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Prosecutions for Livestock Safety Failings

Posted on 25th April, 2022

Livestock Risks

Two recent prosecutions by the Health and Safety Executive (HSE) have highlighted the importance of implementing appropriate safety controls when keeping and handling livestock.  Livestock can be unpredictable and due to their size, death or serious injury can result from such accidents. Every year there are deaths and injuries to farmers and other workers while handling cattle. These are often caused by using poor equipment, ineffective methods of moving cattle and an underestimation of the strength, speed or behaviour of cattle.

Livestock safety failings result in prosecutions

As well as farm workers, the HSE regularly investigates incidents involving cattle and members of the public.  Some of these result in death or serious injuries and almost all of these incidents are in fields and enclosed areas. Many other incidents occur but are not reported to or investigated by the HSE. The two most common factors in these incidents are cows with calves and walkers with dogs.  Members of the public, including walkers and children, may not understand that cattle with calves at foot can present a risk due to protective maternal instincts, especially when a dog is present.

HSE Livestock Prosecutions

The first case involved a member of the public and his wife who were attacked by cattle whilst following a public right of way across farmland at Carnforth.  The couple were walking on a footpath that passed through a farmyard, following a right of way that runs from the farm down to the road. They were accompanied by two border terriers. The couple were attacked by cattle that were grazing in the field with calves at foot. The 83-year-old man was trampled and pronounced dead at the scene and his wife sustained serious injuries.

The farm owner pleaded guilty to breaching section 3(2) of the Health & Safety at Work etc Act 1974. He received a prison sentence of 12 weeks, suspended for 12 months, and was fined a total of £878 and was ordered to pay £7,820.30 in costs.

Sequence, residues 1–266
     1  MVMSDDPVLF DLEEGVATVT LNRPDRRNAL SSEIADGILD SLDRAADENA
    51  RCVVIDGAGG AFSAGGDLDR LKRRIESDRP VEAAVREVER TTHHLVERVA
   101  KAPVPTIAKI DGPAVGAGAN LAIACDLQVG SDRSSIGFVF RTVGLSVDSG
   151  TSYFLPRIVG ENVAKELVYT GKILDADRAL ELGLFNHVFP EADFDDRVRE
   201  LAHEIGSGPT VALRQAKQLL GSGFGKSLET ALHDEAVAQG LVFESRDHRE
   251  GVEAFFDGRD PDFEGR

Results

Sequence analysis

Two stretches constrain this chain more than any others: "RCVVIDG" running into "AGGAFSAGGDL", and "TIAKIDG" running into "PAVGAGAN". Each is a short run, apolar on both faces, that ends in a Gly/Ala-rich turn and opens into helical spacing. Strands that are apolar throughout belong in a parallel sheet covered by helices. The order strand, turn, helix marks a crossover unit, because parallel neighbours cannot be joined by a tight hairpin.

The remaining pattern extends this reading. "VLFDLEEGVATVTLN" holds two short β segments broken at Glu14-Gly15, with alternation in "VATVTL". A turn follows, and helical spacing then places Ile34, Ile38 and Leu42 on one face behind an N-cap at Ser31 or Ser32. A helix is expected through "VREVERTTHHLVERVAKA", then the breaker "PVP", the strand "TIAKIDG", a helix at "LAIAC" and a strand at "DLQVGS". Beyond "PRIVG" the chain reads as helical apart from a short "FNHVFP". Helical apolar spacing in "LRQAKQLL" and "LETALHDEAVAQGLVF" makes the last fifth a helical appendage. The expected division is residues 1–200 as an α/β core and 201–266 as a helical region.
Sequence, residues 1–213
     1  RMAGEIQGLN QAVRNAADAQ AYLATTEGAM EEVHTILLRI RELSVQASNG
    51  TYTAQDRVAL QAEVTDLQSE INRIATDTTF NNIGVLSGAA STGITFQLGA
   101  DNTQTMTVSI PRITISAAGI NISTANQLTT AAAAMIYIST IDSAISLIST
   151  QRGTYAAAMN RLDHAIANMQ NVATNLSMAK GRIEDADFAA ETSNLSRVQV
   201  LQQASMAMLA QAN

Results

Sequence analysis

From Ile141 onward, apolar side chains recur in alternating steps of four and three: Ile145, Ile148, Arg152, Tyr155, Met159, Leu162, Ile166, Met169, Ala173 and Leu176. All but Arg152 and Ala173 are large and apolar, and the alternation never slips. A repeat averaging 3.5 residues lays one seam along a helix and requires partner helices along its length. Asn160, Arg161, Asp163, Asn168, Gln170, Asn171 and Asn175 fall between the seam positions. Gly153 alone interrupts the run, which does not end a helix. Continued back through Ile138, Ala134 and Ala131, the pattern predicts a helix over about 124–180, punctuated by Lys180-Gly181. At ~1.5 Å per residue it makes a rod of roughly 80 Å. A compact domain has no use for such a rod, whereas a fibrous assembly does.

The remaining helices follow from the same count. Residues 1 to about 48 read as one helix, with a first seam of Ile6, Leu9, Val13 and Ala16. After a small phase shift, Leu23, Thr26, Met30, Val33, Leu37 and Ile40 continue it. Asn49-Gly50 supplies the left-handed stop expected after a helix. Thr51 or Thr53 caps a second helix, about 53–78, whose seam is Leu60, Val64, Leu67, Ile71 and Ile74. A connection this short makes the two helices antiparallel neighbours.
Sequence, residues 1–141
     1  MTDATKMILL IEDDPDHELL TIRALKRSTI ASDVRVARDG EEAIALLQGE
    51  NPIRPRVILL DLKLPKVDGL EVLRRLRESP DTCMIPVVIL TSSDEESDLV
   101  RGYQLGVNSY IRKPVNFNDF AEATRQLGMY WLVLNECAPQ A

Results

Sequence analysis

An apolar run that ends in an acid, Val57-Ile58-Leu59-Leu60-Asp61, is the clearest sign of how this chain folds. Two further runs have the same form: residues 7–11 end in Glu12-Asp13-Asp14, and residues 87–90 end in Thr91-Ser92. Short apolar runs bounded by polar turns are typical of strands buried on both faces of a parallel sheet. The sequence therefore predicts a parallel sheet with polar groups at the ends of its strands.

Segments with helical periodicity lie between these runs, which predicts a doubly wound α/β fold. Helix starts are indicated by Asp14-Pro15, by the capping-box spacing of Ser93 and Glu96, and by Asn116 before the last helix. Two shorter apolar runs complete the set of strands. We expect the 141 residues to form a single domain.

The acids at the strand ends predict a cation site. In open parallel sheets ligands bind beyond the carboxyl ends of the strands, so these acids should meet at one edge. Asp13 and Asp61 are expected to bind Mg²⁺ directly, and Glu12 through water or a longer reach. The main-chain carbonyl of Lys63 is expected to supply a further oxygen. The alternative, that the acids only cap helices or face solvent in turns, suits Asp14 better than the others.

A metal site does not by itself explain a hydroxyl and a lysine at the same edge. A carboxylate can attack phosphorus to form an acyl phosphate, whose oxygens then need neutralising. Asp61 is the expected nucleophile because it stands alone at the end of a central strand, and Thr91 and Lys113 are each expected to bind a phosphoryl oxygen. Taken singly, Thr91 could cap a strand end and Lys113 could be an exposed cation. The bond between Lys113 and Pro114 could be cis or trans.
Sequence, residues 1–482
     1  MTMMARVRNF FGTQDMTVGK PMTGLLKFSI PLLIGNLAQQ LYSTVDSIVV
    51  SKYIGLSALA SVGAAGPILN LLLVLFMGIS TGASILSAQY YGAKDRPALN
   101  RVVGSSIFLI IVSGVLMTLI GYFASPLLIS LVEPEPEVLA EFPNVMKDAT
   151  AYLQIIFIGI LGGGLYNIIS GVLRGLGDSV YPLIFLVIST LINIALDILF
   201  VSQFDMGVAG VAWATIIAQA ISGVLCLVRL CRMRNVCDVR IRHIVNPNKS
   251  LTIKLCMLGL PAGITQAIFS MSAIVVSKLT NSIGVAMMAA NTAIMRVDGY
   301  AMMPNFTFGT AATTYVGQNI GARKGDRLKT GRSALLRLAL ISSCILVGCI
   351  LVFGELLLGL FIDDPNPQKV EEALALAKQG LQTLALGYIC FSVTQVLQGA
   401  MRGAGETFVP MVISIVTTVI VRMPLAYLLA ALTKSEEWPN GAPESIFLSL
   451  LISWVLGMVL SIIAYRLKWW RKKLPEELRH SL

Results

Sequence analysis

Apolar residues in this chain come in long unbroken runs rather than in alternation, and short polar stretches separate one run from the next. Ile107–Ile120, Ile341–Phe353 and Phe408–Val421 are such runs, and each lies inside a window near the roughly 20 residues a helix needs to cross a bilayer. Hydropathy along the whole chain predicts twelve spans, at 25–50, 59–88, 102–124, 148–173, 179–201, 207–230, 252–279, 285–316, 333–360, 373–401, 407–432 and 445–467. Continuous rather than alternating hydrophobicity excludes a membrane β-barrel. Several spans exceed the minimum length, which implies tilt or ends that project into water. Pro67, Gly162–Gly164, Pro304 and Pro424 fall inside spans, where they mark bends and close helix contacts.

Speaking after the hearing, HSE inspector Julian Franklin said:

A number of measures could have been taken to safeguard walkers using the path, while cattle and calves were grazing in that field.  Firstly, not using that field for cattle and calves. Most farmers will have other groups of stock that can graze fields containing rights of way, so can reduce the risk of incidents by putting sheep in them, or they could take fodder crops from them. Cattle with calves can be put in fields without rights of way, away from members of the public, or can be segregated from walkers.  Farmers should ensure they take all reasonably practicable precautions to protect walkers on public rights of way, especially when they are grazing cows and calves together, or bulls are present.

In the second case, a livestock auction mart was fined after an employee was fatally injured when he was struck by a dairy bull he was helping to load onto a lorry.  The HSE investigation found that there were no suitable refuges or barriers within the loading area for those handling the livestock to shelter behind if, for example, cattle became fractious.

The company pleaded guilty to breaching Section 2(1) of the Health & Safety at Work Act 1974 and was fined £18,000 and ordered to pay costs of £8,819.

Speaking after the hearing, HSE inspector Anthony Banks said: